Thursday, November 30, 2006
Sunday, November 26, 2006
a toast to the end of gardening season
I think this is about it for my vegetable garden this year. I have one tomato left from the big box of green tomatoes that I picked last month. Pretty much all of the green tomatoes ripened. Outside, I just have carrots, garlic sprouts and parsley left in the garden along with my cover crop of winter rye. We've had a couple of hard frosts and the garden soil is nearly frozen. I'll take a few pictures of the garden plot during the winter - and I am looking forward to planning next year's garden. But for now, here's a toast to a productive and enjoyable season. The beverage is one of my newly invented garden martini's - carrots, celery, cukes and olives!
Wednesday, November 22, 2006
Tuesday, November 21, 2006
Monday, November 20, 2006
field of cow corn
Thursday, November 16, 2006
I have been planning my Thanksgiving menu. I will have 10 people to serve: my parents, my brother and his family, my mother-in-law and us. I am hoping to serve fresh vegetables from my garden: Sauteed Swiss Chard, Glazed Carrots and a dish of roasted winter vegetables that will include beets. I have lots of carrots, so that one should work out. I'm hoping to have enough chard and beets. One week of growing time left. Temperatures were up close to 70 degrees F today, so things are growing.
beets (Beta vulgaris)
Tuesday, November 14, 2006
Sunday, November 12, 2006
I am collecting a list of US web sites (in my sidebar) for ordering seeds for next year. Time to start the planning. I'd like to expand my vegetable space a little and try some heirloom varieties.
Friday, November 10, 2006
when will we frost?
I think it is very late in the season for us to still be waiting for our first frost. One record I found says the average first frost date for Boston MA is November 10, another says October 30, another says October 10. October 10 is the date I remember from previous years. I think one thing going on is that maps and average dates are being adjusted to reflect recent years. For example, I read this in a Boston Globe archive:
Since 1990, the United States has had its 10 warmest years on record, according to the National Academy of Science. We ... see it in New England's longer growing season (between the last spring frost and the first fall frost), which is eight days longer on average today than in 1950, according to the Climate Change Research Center at the University of New Hampshire in Durham.
In 1965, most of Massachusetts was in Zone 5 (mimum winter temperatures 10-20 below zero) on the US Department of Agriculture Plant Hardiness Zone Map used by gardeners. Now, according to the proposed draft for a new map, most of the state is in Zone 6 (zero to minus 10) and Boston and southeastern Massachusetts are in Zone 7 (plus 10 degrees to zero).
Well, New England weather is also known to be highly variable. Still I'd like to find a list of first frost dates for my area and see how different this year is. If only I had started a gardening journal earlier .... We are having a spell of nice warm weather now, so I think our frost may be at least another week away.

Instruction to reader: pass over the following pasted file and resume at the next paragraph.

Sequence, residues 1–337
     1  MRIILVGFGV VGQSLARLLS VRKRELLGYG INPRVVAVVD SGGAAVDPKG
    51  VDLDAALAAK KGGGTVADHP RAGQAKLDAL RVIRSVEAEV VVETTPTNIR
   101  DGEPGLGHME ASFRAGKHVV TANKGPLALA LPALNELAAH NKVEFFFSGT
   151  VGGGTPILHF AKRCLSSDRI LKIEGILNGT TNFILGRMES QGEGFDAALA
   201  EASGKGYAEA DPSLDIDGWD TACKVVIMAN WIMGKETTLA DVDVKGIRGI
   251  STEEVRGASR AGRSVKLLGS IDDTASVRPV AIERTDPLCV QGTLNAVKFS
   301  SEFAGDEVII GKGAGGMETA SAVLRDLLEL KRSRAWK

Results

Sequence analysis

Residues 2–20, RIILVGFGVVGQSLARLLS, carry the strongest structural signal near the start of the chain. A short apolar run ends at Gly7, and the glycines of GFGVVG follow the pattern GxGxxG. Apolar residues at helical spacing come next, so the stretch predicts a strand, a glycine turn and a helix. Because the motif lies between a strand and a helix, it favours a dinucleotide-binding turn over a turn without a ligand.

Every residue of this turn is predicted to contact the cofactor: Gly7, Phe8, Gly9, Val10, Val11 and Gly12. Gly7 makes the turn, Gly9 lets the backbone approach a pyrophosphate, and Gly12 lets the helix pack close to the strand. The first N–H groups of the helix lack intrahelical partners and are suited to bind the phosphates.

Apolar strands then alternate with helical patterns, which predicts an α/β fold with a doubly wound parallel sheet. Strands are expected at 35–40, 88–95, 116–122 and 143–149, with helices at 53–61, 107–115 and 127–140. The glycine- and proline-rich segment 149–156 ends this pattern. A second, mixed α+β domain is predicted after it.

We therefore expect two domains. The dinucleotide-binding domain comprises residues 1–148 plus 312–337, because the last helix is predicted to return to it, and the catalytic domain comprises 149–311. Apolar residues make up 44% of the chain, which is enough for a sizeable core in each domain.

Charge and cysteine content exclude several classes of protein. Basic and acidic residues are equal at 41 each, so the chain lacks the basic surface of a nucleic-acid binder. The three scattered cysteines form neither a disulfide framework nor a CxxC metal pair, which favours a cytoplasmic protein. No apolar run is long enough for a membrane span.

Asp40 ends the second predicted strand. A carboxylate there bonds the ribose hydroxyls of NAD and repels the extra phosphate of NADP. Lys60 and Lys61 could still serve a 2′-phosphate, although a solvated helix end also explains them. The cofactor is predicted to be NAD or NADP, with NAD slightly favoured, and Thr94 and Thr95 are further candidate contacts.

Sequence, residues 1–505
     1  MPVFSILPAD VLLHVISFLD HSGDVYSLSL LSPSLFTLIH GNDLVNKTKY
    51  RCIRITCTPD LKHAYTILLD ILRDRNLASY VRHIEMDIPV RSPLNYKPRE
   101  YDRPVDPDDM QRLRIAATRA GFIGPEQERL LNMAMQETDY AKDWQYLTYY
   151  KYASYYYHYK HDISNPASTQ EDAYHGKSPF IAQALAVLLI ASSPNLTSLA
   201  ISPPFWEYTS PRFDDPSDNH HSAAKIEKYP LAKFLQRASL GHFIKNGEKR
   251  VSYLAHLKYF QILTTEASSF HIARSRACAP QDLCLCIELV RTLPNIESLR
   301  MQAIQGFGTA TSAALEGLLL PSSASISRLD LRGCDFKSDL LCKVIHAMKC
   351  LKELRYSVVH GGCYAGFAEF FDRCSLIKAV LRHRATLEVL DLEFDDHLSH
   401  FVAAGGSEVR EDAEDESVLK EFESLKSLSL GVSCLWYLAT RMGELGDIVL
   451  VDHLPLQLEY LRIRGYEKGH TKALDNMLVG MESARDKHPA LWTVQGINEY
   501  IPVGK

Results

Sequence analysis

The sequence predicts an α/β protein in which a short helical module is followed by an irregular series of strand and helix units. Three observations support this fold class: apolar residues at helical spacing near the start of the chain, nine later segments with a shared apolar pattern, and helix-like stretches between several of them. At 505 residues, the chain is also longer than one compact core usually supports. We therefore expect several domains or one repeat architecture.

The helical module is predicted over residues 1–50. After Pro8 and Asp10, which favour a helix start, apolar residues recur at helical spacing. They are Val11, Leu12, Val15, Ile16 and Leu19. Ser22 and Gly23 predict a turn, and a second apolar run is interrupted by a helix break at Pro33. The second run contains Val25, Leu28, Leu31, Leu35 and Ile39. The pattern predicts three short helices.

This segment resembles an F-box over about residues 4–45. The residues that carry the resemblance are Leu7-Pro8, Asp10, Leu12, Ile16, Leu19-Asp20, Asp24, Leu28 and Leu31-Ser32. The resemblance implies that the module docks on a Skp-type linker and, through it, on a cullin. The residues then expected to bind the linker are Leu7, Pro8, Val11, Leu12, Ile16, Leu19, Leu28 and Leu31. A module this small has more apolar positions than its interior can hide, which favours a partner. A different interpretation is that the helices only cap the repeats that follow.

Wednesday, November 08, 2006
not much green is left
Its a dark, wet November day. Yesterday I moved all my lettuce plants together into one little patch. The patch has several types of lettuce, endive, a bit of dill and some chard. Now I have less to cover up on cold nights. Yesterday I also cleaned out my remaining tender garden plants. The compost bin is quite full with memories of the summer season.
my bins and systems for composting compost
Tuesday, November 07, 2006
still more garden tomatoes
I haven't bought a tomato since the end of July! Looks like my 18 tomato plants produced 4 months of tomatoes. At two a night, that's alot of tomatoes.
I've almost forgotten what the styrofoam grocery store tomatoes taste like. Last night we ate a nice yellow Brandywine that I picked green a month ago.
I am surprised at how many of my green tomatoes, picked October 13, have ripened. The box was full then of mostly green tomatoes. Only a dozen are still green. Though I was planning to transfer the tomatoes to smaller containers so they wouldn't squish each other, and cover them with paper bags, I didn't do either. I just stuck the boxful on the basement floor and brought the reddest ones upstairs when I needed more.
Sunday, November 05, 2006
soil test results
My soil test results came back. (Fast!) I can take it easy next year. All I need to add is nitrogen. Everything else is pretty high. I guess my organic matter is very high at 12.5% (4-10% is optimum). I don't even need to add lime.
Details: pH 6.6, buffer pH 6.7, nitrogen 22 ppm, organic matter 12.5%, phosphorus 33 ppm, poatssium 263 ppm, calcium 2292 ppm, magnesium 231 ppm, cation exchange capacity 21.5 Meq/100g, % base saturation K 4% Mg 11.2% Ca 67.4%, micronutrient levels all normal, lead (estimated total) 246 ppm (low).
Friday, November 03, 2006
Yum! Its carrot season. I harvest a few a day and we munch on them raw before dinner. I probably still have a million out there in the dirt. I am going to see how they overwinter. I have read that carrots will keep in the garden until used without splits or loss of flavor. I'd like to mulch with some hay, if I can find a bale. Preferably salt marsh hay.
FYI: These are Red Core Chantenay carrots (Daucus carota var. sativus), a common home garden carrot variety since 1929. Often judged a best tasting carrot. Its a stocky, tapered, rich orange-colored variety that is good for rocky New England soils since it is short rooted (5-7 inches). I think I'll grow some of these again next year.